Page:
The second Pandemonium Poet was the evasive and slippery Lee McHale.  He did a poem about getting stoned.  He did a ‘Roses are red’ poem.  He forgot the words.  He mentioned a band that he used to be in.  He finished with a poem called, ‘Ted the Teabag’. Taylor’s of Harrogate should be very pleased.

Call me a risk-taker, but I think Lee McHale has much more to reveal.

Matt Abbott introduced Geneviève Walsh, again, because, say what the hell you like, Gen has just not got the hang of this compering business, yet.  She broke the microphone stand, albeit, not on purpose.  She can smash everything in the room except one of the beer pumps, if she likes, if we can just get a compere who is a compere, not a compere introduced by another compere.

A certain kind of last-day-of-term feeling seemed to pervade.  I don’t mean that in the sense of finality: I mean liberation, and spontaneity, and well-being, and hope for a brighter future.

Marina Poppa, who happened to be sitting next to me as she got up to read, was this month’s mentee.  She started with ‘Sweary Mary’.  After this, she forewent the hand-held mic, in the interests of freeing her arms.  Next, ‘I Do Not Like These Tory Gits’.  She acknowledged her debt to the forthcoming headliner, Jackie Hagan, and did a poem about performing.

She did a poem about shit.  She did a poem which was a tirade against sexual objectification.  She did a personal poem about a friend whom she lost to alcoholism.  She did the pubic hair poem.  I call it, ‘the pubic hair poem’, because I have heard it, before.  I also believe in fighting deforestation.

The music was provided by Louise Distras.

Louise’s performance evoked rapturous applause.  What she did is not my sort of thing, but she had nearly all of the audience in the palm of her hand.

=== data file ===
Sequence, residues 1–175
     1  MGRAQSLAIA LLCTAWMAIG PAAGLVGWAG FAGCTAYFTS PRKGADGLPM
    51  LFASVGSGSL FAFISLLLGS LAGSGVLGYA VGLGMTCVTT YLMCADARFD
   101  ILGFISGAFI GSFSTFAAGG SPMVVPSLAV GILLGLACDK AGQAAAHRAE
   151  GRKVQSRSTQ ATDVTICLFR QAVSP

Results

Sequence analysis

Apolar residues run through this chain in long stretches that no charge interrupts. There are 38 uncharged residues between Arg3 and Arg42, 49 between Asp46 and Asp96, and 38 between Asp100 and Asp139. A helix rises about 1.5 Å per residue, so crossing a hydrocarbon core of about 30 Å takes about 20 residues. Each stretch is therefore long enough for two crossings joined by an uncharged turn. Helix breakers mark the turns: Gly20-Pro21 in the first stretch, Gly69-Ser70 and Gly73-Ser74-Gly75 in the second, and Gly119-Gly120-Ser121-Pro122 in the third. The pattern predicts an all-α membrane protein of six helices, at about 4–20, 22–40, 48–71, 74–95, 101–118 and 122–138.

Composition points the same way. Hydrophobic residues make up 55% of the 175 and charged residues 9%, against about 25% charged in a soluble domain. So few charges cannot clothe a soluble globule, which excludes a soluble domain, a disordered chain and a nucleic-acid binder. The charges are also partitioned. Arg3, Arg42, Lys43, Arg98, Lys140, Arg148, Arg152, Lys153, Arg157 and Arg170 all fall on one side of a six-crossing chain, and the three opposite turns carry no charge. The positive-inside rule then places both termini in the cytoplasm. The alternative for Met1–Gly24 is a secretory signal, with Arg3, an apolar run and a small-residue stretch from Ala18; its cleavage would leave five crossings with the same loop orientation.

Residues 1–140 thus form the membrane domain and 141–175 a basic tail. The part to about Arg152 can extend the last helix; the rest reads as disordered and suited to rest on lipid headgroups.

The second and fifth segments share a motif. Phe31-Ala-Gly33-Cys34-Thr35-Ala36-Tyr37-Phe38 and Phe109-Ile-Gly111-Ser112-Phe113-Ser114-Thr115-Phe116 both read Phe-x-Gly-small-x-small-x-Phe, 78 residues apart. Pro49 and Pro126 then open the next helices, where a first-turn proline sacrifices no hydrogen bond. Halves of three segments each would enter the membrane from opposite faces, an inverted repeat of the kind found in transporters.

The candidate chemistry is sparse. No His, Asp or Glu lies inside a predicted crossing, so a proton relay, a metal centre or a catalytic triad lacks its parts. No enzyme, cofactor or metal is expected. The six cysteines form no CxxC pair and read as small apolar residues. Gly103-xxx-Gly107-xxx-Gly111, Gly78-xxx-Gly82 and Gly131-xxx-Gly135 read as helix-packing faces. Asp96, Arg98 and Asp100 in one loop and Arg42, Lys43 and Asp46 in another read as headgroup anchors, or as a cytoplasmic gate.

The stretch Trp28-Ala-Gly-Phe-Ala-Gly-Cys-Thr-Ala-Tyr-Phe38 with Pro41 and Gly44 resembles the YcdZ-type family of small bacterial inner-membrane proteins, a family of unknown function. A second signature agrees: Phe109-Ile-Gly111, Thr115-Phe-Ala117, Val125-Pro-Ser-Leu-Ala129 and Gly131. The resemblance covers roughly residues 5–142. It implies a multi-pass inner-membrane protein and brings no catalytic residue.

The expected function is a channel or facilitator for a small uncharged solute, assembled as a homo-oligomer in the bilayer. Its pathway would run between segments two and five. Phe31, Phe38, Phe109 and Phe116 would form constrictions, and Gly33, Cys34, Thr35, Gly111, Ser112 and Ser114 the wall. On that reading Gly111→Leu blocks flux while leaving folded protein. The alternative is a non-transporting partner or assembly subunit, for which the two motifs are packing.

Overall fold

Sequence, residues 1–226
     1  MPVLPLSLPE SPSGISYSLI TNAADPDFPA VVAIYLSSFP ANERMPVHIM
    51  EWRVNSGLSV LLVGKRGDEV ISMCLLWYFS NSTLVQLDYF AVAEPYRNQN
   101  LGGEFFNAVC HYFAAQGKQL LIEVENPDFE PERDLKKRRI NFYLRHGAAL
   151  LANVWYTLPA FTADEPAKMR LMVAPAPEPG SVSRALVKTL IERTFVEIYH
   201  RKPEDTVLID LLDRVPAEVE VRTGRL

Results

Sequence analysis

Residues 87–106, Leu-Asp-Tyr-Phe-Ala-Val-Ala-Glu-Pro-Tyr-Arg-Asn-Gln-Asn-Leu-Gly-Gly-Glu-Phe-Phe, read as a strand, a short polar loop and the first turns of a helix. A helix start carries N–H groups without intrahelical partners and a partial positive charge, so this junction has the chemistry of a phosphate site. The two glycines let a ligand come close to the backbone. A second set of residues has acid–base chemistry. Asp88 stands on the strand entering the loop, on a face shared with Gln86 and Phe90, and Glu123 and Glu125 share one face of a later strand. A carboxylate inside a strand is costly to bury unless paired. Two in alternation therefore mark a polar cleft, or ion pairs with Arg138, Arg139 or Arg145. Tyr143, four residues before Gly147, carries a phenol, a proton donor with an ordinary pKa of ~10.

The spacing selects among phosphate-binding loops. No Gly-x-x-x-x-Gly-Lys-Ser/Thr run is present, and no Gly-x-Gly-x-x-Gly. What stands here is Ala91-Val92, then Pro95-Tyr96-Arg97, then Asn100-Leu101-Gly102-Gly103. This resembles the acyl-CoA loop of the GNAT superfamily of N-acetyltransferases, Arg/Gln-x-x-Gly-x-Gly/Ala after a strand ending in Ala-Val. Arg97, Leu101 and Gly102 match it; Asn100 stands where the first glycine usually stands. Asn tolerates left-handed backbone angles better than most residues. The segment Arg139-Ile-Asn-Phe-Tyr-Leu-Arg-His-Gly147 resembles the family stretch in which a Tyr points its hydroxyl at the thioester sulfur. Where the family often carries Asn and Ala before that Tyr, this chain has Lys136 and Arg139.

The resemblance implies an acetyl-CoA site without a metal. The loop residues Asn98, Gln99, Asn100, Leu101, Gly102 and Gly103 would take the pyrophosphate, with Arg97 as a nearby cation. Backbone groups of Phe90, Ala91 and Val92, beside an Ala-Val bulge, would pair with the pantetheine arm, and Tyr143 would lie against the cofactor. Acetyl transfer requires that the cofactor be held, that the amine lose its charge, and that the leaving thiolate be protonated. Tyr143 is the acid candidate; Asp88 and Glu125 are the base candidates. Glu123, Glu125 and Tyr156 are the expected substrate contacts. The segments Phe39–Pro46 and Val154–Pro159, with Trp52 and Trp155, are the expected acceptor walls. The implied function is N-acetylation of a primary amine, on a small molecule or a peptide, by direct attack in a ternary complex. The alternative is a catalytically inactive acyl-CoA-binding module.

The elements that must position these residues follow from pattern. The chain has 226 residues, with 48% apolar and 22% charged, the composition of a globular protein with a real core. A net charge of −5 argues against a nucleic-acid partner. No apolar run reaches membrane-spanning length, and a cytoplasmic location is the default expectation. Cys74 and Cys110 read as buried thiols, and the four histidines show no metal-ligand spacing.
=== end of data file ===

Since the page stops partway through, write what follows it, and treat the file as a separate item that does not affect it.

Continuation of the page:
Distras is a guitar and vocals solo performer.  Her vocals are best when she is at one end or other of the pitch and volume scale (low pitch and loud, or high pitch and quiet). She has a remarkable voice.  She seems to belong to the vocal school of Give It Everything You’ve Got, which is not a bad thing.

I am not going to write a song-by-song critique of Louise Distras’ set.  It suffices to say that I agree with most of her philosophy, which cries out for freedom and justice.  And she can really sing.  However, her right hand guitar technique is rather basic.  Most of it is what I would call, ‘thumping’, occasionally punctuated by a bit of left-hand damping and plectrum picking of the bass strings.  Even I can do that.  I think she picked the treble strings in one number.

Louise Distras has toured Europe, and so, what do I know?  In my opinion, she needs to develop a palette of tones and emotions, including not just some more advanced right hand technique, but some extended chords.  The audience at Unity Works gave her, at every time of asking, rapturous applause.  But I was not convinced.  Call me an old git, by all means.

And then, after an interval, Matthew Hedley Stoppard came on.

This man is living in the wrong decade.  He should be in the 1950s.

He described himself as, ‘a nervous, repressed librarian.’

He was wearing a green, knitted, tie.  I hate green, knitted ties.  My father had one. Somebody gave me one as a present.  I think it was fucking home-made, which made it worse.